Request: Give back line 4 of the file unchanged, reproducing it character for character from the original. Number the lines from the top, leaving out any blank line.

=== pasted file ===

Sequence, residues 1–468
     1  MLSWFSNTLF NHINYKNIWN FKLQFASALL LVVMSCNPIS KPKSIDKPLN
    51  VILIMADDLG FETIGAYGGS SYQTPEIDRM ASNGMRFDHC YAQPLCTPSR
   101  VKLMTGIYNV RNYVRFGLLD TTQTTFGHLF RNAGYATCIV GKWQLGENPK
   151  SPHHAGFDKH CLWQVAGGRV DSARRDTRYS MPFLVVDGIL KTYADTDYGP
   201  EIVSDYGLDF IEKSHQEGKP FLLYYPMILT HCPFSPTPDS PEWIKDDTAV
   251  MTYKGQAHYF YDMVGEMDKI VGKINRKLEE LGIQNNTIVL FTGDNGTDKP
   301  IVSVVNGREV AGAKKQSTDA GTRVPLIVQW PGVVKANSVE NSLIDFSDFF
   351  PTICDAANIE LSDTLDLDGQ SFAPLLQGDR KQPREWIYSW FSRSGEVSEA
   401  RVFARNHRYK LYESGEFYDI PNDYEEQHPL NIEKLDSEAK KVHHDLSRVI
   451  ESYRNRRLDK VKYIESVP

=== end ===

   101  VKLMTGIYNV RNYVRFGLLD TTQTTFGHLF RNAGYATCIV GKWQLGENPK